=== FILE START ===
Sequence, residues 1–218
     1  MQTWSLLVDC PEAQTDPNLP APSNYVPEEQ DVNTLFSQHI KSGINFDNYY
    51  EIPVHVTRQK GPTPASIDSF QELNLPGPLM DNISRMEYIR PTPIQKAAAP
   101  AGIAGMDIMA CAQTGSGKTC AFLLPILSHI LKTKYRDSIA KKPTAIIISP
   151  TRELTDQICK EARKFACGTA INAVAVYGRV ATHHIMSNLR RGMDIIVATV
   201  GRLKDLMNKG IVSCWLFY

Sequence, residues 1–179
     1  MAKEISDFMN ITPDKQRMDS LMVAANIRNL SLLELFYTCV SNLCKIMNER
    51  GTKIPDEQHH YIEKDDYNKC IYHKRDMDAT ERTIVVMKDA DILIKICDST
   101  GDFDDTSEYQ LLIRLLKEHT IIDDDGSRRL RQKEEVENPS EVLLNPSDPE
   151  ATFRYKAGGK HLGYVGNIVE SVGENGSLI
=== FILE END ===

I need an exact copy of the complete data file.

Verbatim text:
Sequence, residues 1–218
     1  MQTWSLLVDC PEAQTDPNLP APSNYVPEEQ DVNTLFSQHI KSGINFDNYY
    51  EIPVHVTRQK GPTPASIDSF QELNLPGPLM DNISRMEYIR PTPIQKAAAP
   101  AGIAGMDIMA CAQTGSGKTC AFLLPILSHI LKTKYRDSIA KKPTAIIISP
   151  TRELTDQICK EARKFACGTA INAVAVYGRV ATHHIMSNLR RGMDIIVATV
   201  GRLKDLMNKG IVSCWLFY

Sequence, residues 1–179
     1  MAKEISDFMN ITPDKQRMDS LMVAANIRNL SLLELFYTCV SNLCKIMNER
    51  GTKIPDEQHH YIEKDDYNKC IYHKRDMDAT ERTIVVMKDA DILIKICDST
   101  GDFDDTSEYQ LLIRLLKEHT IIDDDGSRRL RQKEEVENPS EVLLNPSDPE
   151  ATFRYKAGGK HLGYVGNIVE SVGENGSLI